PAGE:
- Mike Riedel
Truth be told, at the moment, I'm a little over big IPAs and dark fruity beers. But sometimes you need to trust your gut and look into that place that you dare not look. This week, I'm glad I did.
Wasatch - [Kickback Series] New England Double IPA: Pours an opaque, dark lemon-gold body capped with two fingers of rocky, soapy, white foam. Solid head retention accents a thin veil of splotchy caps, a slight, frothing collar and a limited smattering of spotty lacing spread thinly around the glass. Aroma shows raw, prickly hop resin bursting forth into a flowing array of moss and grass to a comprehensively quaffable tropical zest profile. Dank eucalyptus ushers in waves of tangerine, peach, and pureéd mango, with red berry and musty gooseberry accents.
Taste opens with zesty peach, mineral-rich dirt, mango, apricot pith and papaya rinds for a fast-paced, dominant, earthy-tropical interplay. Hints of pineapple fade over the mid-palate as light garlic and rye bread contribute to an earthy lingering, with accents of resin and mossy tones to close. Mouthfeel brings a bright, medium body and a prickly, moderate carbonation, while a gentle hop acidity balances the mid-palate as a slightly juicy texture evolves in the backdrop. A more rounded resinous note prevails on the back end and through the finish, with a bitter bite meeting a succinct, hoppy char on the swallow.
Overall: An undoubtedly complex layout of hops, digging deeply into the raw and earthy as much as the lush and fruity, resulting in an incredibly layered presentation of detail at once stifling and embracing the palate. In the end, this 8 percent ale is a remarkably approachable DNEIPA peaking at the upper tiers of the style.
TF Brewing - Imperial Schwartzbier: This is not just a black lager—it's a fruited black lager that's amped-up to Baltic Porter territory. It's enhanced with red plum and black cherry, and pours an opaque black with a solid two fingers of eggshell-colored head, quite fluffy and fairly resilient due to the fact that it's packed with fruit. Looks amazingly rich and fairly creamy. Sour notes emerge right off the bat, but not overwhelmingly so, while roasted chocolates and barley grains also are prevalent. Some hints of vanilla and toffee also play in, but the toasted malts are dominant in the nose. The sour cherry mixes well with the chocolate to create a very enticing aroma.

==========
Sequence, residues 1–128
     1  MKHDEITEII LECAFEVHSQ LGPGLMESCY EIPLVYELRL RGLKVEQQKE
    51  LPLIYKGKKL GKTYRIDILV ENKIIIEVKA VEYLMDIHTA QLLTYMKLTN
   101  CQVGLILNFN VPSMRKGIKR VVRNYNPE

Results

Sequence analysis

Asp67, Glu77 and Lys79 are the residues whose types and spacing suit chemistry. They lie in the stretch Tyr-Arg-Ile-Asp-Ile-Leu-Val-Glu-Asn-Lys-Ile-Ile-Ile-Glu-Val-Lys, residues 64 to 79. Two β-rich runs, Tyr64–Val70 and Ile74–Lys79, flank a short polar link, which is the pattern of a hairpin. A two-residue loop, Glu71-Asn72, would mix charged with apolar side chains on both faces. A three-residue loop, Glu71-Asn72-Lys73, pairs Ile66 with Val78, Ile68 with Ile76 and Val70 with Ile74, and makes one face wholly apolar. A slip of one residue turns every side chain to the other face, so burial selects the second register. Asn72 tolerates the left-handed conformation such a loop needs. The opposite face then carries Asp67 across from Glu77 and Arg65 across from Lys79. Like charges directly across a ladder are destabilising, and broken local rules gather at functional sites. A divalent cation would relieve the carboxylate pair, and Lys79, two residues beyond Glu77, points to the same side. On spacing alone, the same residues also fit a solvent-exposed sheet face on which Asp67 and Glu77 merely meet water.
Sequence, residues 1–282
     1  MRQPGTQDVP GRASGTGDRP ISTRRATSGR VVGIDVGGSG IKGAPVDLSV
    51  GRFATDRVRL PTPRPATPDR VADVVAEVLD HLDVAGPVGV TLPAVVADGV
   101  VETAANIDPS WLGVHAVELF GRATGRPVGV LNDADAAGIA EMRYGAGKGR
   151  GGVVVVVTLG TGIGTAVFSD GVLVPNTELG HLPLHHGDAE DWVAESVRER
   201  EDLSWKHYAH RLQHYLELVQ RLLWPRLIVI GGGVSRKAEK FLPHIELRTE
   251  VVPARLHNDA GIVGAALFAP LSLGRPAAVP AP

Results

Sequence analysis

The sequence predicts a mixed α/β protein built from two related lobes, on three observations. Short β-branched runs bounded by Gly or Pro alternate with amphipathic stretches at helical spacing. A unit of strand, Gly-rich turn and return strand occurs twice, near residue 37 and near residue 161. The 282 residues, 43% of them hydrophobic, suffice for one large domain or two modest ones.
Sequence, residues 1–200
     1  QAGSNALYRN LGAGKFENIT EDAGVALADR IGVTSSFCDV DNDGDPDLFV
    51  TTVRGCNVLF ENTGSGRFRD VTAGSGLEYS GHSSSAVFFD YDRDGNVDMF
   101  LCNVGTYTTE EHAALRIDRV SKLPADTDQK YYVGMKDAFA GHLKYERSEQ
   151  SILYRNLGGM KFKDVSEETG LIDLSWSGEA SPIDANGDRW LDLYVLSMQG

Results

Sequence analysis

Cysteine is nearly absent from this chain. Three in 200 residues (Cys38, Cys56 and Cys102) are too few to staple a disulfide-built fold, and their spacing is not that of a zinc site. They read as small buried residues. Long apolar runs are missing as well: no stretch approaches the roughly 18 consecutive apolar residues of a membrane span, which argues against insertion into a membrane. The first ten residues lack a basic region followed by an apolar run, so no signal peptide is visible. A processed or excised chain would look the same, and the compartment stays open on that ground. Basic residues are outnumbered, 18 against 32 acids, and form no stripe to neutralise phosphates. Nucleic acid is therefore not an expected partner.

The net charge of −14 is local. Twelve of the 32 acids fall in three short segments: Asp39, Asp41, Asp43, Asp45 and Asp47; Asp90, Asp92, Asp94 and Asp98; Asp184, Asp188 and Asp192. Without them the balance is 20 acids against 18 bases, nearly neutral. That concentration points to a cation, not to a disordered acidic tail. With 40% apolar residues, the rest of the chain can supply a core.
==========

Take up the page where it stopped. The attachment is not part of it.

Up front, this was surprisingly not as cherry-like as I was expecting, as plum was the dominant of the two stone fruits. The plum provides a nice puckering effect, while the muted cherry flavors work well with the chocolates and vanillas towards the end to create a very palatable mix. I was definitely able to pick up the roasted barley and other malty grains, but it's fruit that drives the show; akin to biting into a cherry cordial minus the toasted grains flavor. It's remarkably smooth. I was expecting a harsher tart twinge when I first sipped, but the creaminess of the appearance matches the smoothness of the mouthfeel. Might be slightly over carbonated, but not by much.
Overall: Initial thoughts point to a very solid drinkability. A slight bit of alcohol on the aftertaste means this one's a sipper, and the 9.1 percent ABV backs that up. This is definitely a strong cold weather brew, and I'm psyched I got the chance to try it.
Both of these beers are reaching into the ether alcohol-wise, and it can be hard to detect at times, so take heed. As always, cheers!